Al Ruddy was brought on as producer in part because of his skill in making low-budget movies, which is what Paramount wanted The Godfather to be.
In The Offer, the studio (in the form of Colin Hanks Barry Lapidus) has some of its own ideas on how to keep costs down, including setting the movie in the 1970s to make it contemporary rather than a period piece and avoiding New York City production costs by shooting the movie in… Kansas City?
Yep, Paramount really did make these suggestions, including trying to make Kansas City look like the Big Apple. Francis Ford Coppola told NPR’s Fresh Air in 2016 that they even had him do some location scouting in Kansas City, specifically around the Italian American neighborhoods in the city. The debate led to a big fight between Coppola and the studio (the first of many), but, "I was very adamant," the director said.
He won that argument. They would soon learn, however, that shooting in New York City brought its own challenges beyond just the extra cost.
Were Al Ruddy and Robert Evans threatened by the mob?
At the end of the first episode of The Offer, the back window of Al Ruddy’s car is shot out. Then in the second episode, Ruddy is warned by legendary Los Angeles gangster Mickey Cohen (Louis Mandylor) that his New York associates are even more dangerous than him. Robert Evans, meanwhile, receives a rat in his bed and an ominous telephone call (at least it wasn’t a horse’s head, like in The Godfather). Then, as the episode concludes, Ruddy is picked up by a pair of gangsters and told at gunpoint to go with them. Did the mob really make such threats to try and stop The Godfather?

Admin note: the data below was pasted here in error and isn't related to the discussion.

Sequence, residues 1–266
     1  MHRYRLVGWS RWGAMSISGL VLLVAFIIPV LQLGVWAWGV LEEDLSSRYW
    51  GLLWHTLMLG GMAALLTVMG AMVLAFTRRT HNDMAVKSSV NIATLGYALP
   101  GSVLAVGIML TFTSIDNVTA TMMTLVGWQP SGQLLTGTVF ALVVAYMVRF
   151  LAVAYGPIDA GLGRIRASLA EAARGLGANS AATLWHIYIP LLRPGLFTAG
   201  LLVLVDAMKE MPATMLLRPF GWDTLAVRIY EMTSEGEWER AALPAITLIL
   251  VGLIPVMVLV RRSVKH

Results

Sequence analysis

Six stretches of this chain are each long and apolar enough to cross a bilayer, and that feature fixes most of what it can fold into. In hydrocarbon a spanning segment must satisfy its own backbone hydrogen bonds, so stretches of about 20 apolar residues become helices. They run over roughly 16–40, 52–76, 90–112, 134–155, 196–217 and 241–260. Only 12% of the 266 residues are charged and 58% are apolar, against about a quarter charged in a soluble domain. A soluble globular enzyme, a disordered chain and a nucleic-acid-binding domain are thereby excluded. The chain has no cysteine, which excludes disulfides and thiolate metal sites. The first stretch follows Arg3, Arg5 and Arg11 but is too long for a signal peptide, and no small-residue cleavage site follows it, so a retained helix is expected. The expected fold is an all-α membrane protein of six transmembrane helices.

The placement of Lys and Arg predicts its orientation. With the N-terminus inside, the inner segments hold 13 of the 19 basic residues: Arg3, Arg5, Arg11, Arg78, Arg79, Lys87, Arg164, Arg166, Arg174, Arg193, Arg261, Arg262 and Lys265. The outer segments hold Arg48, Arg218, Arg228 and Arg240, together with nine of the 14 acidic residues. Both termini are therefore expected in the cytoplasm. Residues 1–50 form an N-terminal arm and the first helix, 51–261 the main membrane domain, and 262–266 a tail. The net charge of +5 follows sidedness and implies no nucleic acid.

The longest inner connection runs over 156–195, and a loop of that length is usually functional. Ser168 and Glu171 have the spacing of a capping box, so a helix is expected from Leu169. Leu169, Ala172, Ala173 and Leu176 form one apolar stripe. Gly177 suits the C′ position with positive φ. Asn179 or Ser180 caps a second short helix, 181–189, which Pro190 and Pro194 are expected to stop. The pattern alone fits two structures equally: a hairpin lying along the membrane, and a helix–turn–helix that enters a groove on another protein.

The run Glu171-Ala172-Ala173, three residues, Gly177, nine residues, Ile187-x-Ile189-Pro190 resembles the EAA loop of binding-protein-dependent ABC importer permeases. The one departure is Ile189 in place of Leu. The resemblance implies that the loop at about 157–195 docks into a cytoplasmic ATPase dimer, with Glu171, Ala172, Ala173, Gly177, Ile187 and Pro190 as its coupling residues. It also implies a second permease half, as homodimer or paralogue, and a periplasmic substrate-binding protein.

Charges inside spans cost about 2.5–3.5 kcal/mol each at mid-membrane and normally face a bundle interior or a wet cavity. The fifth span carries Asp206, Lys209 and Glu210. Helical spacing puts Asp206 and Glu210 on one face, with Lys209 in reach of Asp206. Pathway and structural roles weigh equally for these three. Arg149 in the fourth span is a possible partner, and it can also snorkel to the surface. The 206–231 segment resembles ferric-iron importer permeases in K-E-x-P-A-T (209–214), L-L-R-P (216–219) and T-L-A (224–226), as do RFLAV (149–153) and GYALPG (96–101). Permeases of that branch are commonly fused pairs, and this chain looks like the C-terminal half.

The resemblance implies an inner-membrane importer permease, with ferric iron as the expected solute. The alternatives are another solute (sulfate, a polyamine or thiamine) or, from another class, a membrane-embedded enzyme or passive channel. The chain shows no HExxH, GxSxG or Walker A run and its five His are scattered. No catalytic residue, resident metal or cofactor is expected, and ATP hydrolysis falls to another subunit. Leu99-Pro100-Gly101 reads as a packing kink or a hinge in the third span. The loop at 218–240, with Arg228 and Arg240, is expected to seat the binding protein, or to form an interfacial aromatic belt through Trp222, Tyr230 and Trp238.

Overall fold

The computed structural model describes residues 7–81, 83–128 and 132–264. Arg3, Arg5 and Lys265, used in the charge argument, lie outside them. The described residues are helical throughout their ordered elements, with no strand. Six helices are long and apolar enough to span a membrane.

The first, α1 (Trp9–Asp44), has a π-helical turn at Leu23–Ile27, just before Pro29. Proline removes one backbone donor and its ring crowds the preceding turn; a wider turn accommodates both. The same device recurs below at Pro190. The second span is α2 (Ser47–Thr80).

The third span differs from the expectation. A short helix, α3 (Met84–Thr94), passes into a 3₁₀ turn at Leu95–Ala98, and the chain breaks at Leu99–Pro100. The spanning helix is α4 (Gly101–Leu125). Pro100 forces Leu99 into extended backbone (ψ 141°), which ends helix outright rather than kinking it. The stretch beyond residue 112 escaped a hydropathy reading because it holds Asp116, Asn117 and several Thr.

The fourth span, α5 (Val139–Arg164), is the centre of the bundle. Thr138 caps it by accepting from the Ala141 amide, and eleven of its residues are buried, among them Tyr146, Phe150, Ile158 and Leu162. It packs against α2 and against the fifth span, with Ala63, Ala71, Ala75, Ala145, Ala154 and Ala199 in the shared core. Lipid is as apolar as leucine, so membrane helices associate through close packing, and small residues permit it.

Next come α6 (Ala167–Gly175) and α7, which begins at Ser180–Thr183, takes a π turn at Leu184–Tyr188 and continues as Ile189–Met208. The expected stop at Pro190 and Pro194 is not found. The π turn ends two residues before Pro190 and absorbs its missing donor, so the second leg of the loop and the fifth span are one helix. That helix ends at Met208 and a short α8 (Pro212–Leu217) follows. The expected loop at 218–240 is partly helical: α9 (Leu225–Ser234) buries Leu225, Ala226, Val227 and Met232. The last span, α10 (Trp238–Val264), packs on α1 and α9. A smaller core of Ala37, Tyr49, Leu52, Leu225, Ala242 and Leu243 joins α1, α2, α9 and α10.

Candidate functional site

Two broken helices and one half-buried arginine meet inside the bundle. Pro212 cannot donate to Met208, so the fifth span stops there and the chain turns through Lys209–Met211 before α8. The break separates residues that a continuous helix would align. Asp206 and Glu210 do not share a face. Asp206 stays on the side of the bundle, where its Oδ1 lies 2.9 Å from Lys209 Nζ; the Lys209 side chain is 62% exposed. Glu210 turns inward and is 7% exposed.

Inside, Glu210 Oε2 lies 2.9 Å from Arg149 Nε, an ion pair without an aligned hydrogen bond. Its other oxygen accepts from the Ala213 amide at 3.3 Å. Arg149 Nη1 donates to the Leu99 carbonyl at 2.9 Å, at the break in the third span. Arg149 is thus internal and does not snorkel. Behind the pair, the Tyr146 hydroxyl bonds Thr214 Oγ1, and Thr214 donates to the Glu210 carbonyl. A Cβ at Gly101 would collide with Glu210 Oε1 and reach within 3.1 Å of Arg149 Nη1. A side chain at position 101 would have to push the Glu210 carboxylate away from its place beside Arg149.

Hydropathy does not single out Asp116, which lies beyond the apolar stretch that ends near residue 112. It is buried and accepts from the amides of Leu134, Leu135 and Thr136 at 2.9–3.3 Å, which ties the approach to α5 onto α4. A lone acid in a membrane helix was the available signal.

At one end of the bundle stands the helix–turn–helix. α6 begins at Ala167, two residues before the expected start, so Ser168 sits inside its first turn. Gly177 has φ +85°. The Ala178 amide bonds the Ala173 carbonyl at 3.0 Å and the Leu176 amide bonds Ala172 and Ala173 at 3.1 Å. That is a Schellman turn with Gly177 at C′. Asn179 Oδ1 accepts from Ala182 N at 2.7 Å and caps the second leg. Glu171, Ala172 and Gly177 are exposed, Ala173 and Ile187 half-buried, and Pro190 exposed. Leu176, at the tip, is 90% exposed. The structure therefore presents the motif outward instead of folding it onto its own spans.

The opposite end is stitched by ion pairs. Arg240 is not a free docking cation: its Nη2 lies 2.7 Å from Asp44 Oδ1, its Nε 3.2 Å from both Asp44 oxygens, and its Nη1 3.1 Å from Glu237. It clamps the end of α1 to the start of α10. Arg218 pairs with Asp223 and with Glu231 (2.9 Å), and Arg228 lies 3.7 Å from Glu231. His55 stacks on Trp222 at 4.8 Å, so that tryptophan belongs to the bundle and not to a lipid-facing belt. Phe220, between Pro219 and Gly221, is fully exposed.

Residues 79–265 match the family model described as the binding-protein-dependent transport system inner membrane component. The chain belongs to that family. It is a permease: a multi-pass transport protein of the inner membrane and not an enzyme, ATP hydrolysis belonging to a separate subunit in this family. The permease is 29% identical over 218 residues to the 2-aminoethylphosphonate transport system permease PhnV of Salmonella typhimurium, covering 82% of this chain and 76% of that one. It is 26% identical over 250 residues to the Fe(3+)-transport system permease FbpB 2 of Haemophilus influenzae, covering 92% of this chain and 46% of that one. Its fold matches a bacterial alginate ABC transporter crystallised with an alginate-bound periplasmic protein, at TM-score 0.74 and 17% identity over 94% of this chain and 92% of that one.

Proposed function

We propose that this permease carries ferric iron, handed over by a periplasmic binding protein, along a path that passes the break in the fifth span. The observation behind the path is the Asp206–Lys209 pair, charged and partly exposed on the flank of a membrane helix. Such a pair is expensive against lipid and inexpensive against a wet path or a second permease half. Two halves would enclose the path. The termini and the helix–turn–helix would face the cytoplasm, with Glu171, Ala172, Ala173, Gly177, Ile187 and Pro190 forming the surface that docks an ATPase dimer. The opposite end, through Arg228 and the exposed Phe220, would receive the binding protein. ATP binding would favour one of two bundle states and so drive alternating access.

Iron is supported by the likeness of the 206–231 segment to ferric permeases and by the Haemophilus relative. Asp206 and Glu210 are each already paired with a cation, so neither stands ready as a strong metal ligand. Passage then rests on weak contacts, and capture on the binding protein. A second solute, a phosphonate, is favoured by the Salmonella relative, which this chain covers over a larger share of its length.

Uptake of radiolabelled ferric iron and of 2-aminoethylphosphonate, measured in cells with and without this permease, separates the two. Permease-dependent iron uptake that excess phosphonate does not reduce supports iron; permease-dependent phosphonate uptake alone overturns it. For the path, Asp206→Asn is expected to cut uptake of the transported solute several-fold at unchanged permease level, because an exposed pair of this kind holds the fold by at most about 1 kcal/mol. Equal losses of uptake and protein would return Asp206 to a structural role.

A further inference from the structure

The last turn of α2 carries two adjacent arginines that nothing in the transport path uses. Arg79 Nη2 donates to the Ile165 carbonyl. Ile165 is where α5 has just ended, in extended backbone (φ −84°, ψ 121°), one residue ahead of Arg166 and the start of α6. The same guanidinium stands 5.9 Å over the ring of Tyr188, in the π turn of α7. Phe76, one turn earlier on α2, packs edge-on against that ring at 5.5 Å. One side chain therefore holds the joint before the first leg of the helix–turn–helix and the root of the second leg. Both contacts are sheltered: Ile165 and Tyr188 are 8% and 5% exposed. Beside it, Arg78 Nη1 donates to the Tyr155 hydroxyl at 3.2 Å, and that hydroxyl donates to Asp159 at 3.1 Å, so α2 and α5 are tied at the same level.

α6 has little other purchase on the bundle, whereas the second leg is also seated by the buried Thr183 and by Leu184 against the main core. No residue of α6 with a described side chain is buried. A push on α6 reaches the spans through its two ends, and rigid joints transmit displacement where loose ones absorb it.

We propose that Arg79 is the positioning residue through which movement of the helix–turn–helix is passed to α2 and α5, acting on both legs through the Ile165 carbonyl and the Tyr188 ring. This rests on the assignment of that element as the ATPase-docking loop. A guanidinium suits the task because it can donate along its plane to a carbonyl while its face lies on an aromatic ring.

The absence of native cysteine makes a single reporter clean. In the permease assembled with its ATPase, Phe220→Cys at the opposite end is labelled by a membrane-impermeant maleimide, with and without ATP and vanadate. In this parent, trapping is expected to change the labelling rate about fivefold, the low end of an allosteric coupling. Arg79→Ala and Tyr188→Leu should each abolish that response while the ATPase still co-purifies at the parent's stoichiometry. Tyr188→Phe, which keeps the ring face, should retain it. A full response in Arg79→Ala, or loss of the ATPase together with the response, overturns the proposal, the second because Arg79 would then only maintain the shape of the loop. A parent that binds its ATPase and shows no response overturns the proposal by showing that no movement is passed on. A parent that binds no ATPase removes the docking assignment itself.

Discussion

The shooting of Ruddy’s car really did happen — though not like in the show. Ruddy’s assistant Bettye McCartt told Vanity Fair that after receiving threats Ruddy would often switch out his cars. One night she took his car back to her home and later, while inside, she heard a gunshot. After going outside she saw the window shot up and a note telling them to stop making the movie. No one was inside the car when the shot was fired.
Ruddy also did meet with gangster Cohen following this incident. Mark Seal says that Ruddy accepted an invitation to meet with Cohen, writing that Cohen was "never threatening and he was actually curious," including asking who would play Don Corleone. Though it would be incredible (albeit disturbing) if life had imitated art, there’s no evidence that the head of Paramount, Robert Evans, ever found a dead rat in his bed.
All episodes of The Offer are now available to stream on Paramount Plus in the US and UK.
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Michael Balderston is a DC-based entertainment and assistant managing editor for What to Watch, who has previously written about the TV and movies with TV Technology, Awards Circuit and regional publications. Spending most of his time watching new movies at the theater or classics on TCM, some of Michael's favorite movies include Casablanca, Moulin Rouge!, Silence of the Lambs, Children of Men, One Flew Over the Cuckoos Nest and Star Wars. On the TV side he enjoys Only Murders in the Building, Yellowstone, The Boys, Game of Thrones and is always up for a Seinfeld rerun. Follow on Letterboxd.